How the Hashshashin were the most feared assassins of the ancient world - We Are The Mighty
MIGHTY HISTORY

How the Hashshashin were the most feared assassins of the ancient world

Hashshashin have gone by many namesakes and the word assassin derives from the original religious cult. They consumed hashish to create visions and assassinate Christian crusading leaders and Muslim sultans alike. Their notoriety lives on to this day, influencing cult classics like the Marco Polo Netflix series or mainstream gaming such as the Assassin’s Creed franchise. Assassination was not an unfamiliar weapon in the ancient world, but the Hashshashin turned it into an art form.

Religious roots in Islam

The Hashshashin existed as a religious group of assassins from the 11th to the 13th centuries in Persia and Syria. For hundreds of years, they operated out of hidden mountain fortresses near the Caspian Sea. The new Islamic religion spread throughout the ancient world, but early on it was split between two groups: The Sunni and Shia. The Sunni believe that Abu Bakr was the rightful successor to the Islamic Prophet. The Shia consider Uthman’s son in-law, Ali, to be the legitimate heir. This was the start of different sects of the religion, splintering into other subgroups.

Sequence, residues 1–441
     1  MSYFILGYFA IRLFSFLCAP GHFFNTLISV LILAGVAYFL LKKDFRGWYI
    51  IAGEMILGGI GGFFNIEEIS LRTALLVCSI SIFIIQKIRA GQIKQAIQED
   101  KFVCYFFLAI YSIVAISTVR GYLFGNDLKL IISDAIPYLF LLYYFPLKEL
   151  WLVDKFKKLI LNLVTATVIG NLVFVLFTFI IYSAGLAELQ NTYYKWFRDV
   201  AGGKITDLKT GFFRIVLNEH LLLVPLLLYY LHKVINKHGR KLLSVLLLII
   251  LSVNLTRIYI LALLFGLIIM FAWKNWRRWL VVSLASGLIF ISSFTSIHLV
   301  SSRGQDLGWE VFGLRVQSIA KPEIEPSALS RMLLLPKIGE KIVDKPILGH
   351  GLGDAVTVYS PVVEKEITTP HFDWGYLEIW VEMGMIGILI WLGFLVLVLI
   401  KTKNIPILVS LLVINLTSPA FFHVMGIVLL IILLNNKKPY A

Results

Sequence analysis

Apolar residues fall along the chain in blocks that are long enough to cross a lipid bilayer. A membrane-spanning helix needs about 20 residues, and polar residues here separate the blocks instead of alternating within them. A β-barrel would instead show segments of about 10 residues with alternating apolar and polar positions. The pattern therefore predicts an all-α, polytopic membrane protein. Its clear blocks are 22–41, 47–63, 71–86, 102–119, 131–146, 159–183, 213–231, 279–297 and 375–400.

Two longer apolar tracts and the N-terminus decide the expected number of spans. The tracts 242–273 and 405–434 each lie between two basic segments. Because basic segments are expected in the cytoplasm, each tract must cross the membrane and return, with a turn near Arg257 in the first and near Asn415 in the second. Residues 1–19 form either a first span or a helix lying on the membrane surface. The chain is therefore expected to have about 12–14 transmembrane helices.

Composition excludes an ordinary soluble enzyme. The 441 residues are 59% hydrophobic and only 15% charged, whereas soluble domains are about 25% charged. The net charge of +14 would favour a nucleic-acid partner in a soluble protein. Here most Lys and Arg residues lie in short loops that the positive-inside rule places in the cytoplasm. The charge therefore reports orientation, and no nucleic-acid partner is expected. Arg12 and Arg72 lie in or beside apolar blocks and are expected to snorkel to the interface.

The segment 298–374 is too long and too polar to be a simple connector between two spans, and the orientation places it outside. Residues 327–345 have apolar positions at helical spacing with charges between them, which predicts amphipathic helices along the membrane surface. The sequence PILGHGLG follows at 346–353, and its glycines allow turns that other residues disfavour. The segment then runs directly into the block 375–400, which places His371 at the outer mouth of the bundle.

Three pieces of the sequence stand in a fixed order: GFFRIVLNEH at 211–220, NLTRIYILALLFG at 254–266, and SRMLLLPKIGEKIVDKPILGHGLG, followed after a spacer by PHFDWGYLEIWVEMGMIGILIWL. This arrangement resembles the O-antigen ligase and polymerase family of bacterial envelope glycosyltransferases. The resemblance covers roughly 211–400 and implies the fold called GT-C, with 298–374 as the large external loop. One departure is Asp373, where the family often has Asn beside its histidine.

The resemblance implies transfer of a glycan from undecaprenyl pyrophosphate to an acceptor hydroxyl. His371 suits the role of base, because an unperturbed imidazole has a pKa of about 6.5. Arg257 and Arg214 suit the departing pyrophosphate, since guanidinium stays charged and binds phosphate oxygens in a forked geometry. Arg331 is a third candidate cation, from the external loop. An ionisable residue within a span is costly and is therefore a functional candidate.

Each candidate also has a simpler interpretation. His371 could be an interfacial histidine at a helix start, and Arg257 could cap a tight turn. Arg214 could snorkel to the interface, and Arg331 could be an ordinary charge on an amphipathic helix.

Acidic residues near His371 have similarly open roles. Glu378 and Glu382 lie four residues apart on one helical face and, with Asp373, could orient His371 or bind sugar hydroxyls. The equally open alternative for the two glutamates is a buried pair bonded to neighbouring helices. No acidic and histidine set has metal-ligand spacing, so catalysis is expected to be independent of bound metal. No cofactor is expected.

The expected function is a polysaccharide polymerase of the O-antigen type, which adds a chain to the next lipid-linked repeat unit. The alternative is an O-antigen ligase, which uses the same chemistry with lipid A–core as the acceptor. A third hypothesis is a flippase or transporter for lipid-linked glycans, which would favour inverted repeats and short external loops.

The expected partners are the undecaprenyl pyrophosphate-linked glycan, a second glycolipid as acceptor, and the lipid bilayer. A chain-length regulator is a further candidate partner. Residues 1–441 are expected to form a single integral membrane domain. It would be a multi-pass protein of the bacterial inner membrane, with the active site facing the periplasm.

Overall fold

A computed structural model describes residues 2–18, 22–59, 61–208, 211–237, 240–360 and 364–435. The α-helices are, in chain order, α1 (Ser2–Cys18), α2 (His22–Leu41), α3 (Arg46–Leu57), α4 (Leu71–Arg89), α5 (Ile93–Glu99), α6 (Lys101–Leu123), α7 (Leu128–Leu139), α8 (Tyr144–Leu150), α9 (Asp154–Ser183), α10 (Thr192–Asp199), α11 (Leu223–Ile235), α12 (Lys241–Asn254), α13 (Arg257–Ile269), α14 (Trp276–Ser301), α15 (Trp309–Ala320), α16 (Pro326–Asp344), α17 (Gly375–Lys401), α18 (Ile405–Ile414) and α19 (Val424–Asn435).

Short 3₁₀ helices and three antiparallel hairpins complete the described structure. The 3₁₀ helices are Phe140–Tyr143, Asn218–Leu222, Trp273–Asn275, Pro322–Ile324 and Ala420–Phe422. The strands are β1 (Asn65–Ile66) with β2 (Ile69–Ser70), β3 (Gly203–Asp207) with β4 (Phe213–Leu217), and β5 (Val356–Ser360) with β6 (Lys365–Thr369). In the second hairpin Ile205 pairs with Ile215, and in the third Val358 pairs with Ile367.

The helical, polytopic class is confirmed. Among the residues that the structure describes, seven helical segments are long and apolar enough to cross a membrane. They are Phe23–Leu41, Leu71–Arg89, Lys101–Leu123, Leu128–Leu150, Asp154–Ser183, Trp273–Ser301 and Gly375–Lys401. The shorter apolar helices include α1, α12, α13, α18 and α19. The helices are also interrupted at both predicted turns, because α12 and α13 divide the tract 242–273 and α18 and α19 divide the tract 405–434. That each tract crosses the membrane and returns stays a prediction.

How the Hashshashin were the most feared assassins of the ancient world
Alamout Castle ruins (Wikipedia, CC-BY-3.0)

Al-Mustansir ruled as Caliph of the Fatimid Caliphate from the age of seven for over 50 years. The religious empire spanned across northern Africa to the west and Persia to the east. Ethnic groups in Egypt made it increasingly difficult for Al-Mustansir to maintain a strong grip of the extensive empire. He gave some of his military power to his General Badr Al-Jamali to defeat the enemies of the state. Badr succeeded in defeating the groups and the politicians that supported them. On January 10, 1094 the eighth Fatimid caliph died in Egypt.

Abu Mansir Nizar, Al-Mustansir’s son, was the next in line as successor. Badr had died earlier that year as well. Badr’s son, Al-Afdal Shahanshah, took his father’s place as the Caliph’s vizier, a high office in the Muslim dynasty. Behind the scenes, Al-Afdal controlled the government due to his father’s exploits. To remain in power, he organized a successful coup. Al-Afdal placed Abu’s younger, 20-year-old brother on the throne instead because it would be much easier to control a child. The governor of Alexandria gave refuge to Abu and appointed him Caliph.